Self-Medication is a Problem for Those Dealing with Depression and Anxiety
Drug abuse is becoming so prevalent that several states have taken steps to monitor prescription drug use, with at least one state now considering a bill that would require health officials to keep closer tabs on the prescription drugs that could lead to addiction.
Massachusetts passed a law to help curb the growing problem of drug dependency. The law toughens the state’s prescription monitoring program and requires that pharmacists provide an interchangeable drug that deters abuse, unless the physician says that such a drug should not be provided. The law also requires insurance companies to pay for substance abuse treatment services provided by licensed drug and alcohol counselors.
We are seeing more and more patients who are struggling with a multitude of addictions and mental health disorders. These problems and addictions create and then perpetuate a vicious downward cycle. When someone is depressed, anxious or stressed, they may turn to alcohol or drugs, which might numb the pain temporarily, but only exasperate the problems they are experiencing. Adding drugs and alcohol to any issue will never solve it but will only make it much, much worse. Only a heartfelt commitment to professional treatment—preferably with a biblical, God-centered focus—can break the cycle.
Many who abuse drugs or alcohol are self-medicating as a way to escape depression, anxiety, or stress or to deal with problems that affect their everyday lives.
The most recent Substance Abuse and Mental Health Services Administration report, the National Survey on Drug Use and Health: Summary of National Findings, presented alarming facts about drug and alcohol use in America.
In 2014, an estimated 27 million Americans aged 12 or older—or 10.2 percent—were current illicit drug users, meaning they had used an illicit drug during the month prior to the survey. This is the highest number since 2002. Illicit drugs include marijuana/hashish, cocaine (including crack), heroin, hallucinogens, inhalants or prescription-type psychotherapeutics (pain relievers, tranquilizers, stimulants, and sedatives used non-medically).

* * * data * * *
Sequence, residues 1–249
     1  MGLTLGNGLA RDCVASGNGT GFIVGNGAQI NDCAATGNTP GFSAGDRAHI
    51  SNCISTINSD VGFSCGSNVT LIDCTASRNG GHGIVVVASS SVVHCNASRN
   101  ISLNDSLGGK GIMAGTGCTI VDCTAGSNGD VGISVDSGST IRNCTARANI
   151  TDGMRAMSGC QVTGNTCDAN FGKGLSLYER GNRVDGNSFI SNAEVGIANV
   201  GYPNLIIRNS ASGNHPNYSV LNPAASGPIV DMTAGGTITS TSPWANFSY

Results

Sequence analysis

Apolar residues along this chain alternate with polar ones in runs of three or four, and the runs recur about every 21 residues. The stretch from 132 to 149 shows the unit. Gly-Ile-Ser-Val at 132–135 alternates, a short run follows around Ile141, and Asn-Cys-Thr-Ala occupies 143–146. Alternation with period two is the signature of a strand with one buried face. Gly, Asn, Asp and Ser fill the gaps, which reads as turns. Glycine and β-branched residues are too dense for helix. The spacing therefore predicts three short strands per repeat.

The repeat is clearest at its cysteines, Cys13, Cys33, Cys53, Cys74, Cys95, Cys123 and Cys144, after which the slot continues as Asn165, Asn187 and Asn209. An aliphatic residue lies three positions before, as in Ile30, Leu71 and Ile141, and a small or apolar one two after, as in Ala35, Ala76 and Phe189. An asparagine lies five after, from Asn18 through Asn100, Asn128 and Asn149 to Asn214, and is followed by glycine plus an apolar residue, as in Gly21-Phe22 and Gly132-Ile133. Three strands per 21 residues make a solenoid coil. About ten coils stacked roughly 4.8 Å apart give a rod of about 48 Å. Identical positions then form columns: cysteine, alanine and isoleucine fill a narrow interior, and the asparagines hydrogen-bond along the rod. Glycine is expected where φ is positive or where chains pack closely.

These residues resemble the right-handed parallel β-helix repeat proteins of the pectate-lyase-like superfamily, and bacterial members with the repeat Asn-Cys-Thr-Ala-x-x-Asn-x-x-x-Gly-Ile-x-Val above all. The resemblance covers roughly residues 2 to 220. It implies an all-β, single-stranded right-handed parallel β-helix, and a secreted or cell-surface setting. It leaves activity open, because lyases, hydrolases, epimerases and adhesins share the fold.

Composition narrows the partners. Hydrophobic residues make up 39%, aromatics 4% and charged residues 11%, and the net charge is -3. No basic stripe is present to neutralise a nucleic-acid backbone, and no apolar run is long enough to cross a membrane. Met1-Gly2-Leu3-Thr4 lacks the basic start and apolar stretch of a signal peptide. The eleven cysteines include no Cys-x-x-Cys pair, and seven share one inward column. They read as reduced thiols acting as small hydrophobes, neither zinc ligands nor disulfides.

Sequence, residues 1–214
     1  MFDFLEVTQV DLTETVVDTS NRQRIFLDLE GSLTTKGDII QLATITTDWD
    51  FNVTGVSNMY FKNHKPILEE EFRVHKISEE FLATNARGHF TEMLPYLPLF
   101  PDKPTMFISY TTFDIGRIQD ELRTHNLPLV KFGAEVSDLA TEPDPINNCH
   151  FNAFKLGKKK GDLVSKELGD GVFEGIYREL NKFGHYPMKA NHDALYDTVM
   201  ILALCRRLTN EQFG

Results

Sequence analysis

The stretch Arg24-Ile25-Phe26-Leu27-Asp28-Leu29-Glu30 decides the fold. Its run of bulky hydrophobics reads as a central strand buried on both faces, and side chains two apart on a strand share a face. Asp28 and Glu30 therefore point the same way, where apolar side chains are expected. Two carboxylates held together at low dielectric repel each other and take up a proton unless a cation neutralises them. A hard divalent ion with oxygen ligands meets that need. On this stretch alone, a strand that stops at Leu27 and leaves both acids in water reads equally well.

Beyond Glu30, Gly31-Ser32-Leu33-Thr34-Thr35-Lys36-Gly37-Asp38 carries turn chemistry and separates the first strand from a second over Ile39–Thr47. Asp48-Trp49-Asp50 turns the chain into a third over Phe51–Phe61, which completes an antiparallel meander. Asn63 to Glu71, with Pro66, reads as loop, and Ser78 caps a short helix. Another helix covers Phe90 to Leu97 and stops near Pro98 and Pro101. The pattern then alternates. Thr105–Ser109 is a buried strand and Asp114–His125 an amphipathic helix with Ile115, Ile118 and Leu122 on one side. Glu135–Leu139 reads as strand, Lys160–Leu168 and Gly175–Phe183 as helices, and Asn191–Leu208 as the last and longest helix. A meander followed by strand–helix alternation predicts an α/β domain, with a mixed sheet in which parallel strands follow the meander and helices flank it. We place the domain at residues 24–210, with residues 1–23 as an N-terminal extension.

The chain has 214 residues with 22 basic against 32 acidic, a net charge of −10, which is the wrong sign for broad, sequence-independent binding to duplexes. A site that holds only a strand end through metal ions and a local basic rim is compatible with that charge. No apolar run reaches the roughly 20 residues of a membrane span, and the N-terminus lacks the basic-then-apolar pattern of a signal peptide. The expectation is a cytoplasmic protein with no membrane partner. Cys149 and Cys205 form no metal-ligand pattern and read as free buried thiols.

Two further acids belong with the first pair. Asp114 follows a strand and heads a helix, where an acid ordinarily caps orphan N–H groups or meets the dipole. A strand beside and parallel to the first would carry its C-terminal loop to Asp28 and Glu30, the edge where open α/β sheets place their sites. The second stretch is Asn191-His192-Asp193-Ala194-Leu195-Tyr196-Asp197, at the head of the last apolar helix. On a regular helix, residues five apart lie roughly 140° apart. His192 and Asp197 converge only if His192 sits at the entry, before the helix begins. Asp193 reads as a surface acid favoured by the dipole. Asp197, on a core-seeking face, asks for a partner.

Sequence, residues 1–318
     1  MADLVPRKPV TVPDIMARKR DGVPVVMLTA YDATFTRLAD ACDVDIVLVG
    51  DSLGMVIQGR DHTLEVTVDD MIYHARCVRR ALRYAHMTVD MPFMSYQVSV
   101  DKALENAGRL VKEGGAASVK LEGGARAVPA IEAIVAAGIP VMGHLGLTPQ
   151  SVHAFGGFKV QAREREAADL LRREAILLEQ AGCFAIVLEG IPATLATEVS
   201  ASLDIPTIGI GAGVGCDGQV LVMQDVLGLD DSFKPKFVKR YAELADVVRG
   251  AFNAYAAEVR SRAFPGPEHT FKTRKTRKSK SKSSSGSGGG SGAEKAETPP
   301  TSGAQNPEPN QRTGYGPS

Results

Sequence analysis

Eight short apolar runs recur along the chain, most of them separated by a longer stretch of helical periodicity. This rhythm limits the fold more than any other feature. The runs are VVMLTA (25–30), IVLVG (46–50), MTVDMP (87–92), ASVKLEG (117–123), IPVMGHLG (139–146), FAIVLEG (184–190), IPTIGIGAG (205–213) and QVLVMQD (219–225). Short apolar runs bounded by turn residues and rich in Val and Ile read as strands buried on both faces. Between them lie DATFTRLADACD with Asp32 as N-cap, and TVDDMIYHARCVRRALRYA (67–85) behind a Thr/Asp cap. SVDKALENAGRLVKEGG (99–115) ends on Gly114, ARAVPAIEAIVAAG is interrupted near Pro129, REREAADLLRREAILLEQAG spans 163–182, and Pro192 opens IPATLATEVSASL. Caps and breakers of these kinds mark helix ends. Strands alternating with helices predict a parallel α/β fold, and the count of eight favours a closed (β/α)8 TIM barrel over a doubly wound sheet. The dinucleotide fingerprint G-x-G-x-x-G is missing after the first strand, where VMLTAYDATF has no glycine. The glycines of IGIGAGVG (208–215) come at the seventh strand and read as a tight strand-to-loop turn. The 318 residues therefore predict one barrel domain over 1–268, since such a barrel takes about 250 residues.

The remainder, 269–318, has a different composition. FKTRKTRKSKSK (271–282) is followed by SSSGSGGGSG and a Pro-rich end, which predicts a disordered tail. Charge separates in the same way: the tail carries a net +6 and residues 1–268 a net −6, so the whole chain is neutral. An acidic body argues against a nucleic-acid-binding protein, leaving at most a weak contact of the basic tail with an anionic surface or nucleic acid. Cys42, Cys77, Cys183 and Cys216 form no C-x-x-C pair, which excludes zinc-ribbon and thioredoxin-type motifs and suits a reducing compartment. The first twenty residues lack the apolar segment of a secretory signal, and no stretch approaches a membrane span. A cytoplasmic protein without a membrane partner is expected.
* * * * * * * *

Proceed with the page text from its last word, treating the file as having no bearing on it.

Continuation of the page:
The survey found that marijuana was the most commonly used illicit drug—with 22.2 million current users. Those using, in the last 30 days, non-prescription use of prescription opioid painkillers rose to its highest level of 4.3 million, making it the second most used illicit drug.
One frightening figure was the number of those who had used heroin in the past year, which doubled from 2007 to 2014. Certainly we will see that number continue to rise as we know the access to heroin is increasing, the cost is cheap, and the amount of overdoses is up from 2014 to now.
Heroin abuse is rising dramatically in our society. We see more and more people who are struggling with this drug, as it is highly addictive and difficult for users to escape its grips. Particularly concerning is the tie between heroin and drugs that society might think aren’t harmful, like marijuana. The truth is that pot is, indeed, a ‘gateway drug’ and when pot users find that marijuana’s not enough or they are bored with its effects, they turn to much more harmful drugs, like cocaine and heroin. When drug use is mixed with alcohol and a mental disorder or illness, the results are devastating.”
The National Survey on Drug Use and Health also found 52.1 percent of Americans aged 12 or older reported being current alcohol drinkers. This represents and estimated 135.5 million people. Furthermore, 23 percent said they were binge alcohol users in the past 30 days, meaning they consumed five or more drinks on the same occasion, or at one sitting, on at least one day that month.
Being a psychiatrist and a father of 3 girls aged 24, 21, 16 is the finding that 22% of young adults aged 18-25 used an illegal drug in the past 30 days while 59.6% used alcohol and 37.7% had a binge drinking episode. This is an important and stressful time of transition from adolescence to adulthood and many key decisions need to be made having lasting impact. Using drugs and alcohol will interfere with not only the final stages of brain development, but also the psychological and spiritual maturity necessary for fulfilling relational, vocational, marital, and parenting experiences.
The report is from a higher functioning cross section containing 67,901 responses from an annual survey sponsored by the Substance Abuse and Mental Health Services Administration (SAMHSA), but does not include those in institutions (jail, hospitals, nursing homes, etc.) or those without permanent residential addresses (homeless or transient). Scarily, we can assume the real percentages are actually worse the ones in this report reported.
The answer to halt this rise in alcohol and drug use is to start teaching healthy decision-making skills when kids are toddlers. Parenting and marriage classes to teach the parents to live life well, provide a safe and nurturing environment, to connect with their kids, and be good role models for healthy decision-making are vital. Obviously, bringing a powerful infusion of spirituality, connecting to God, showing the power of faith, and using the Bible’s values, morals, and instructions for life should be the guidelines for the psychological skills being taught. Then we can start to get ahead of this quick fix shortcut to peace Satan and our society are constantly being tricked by.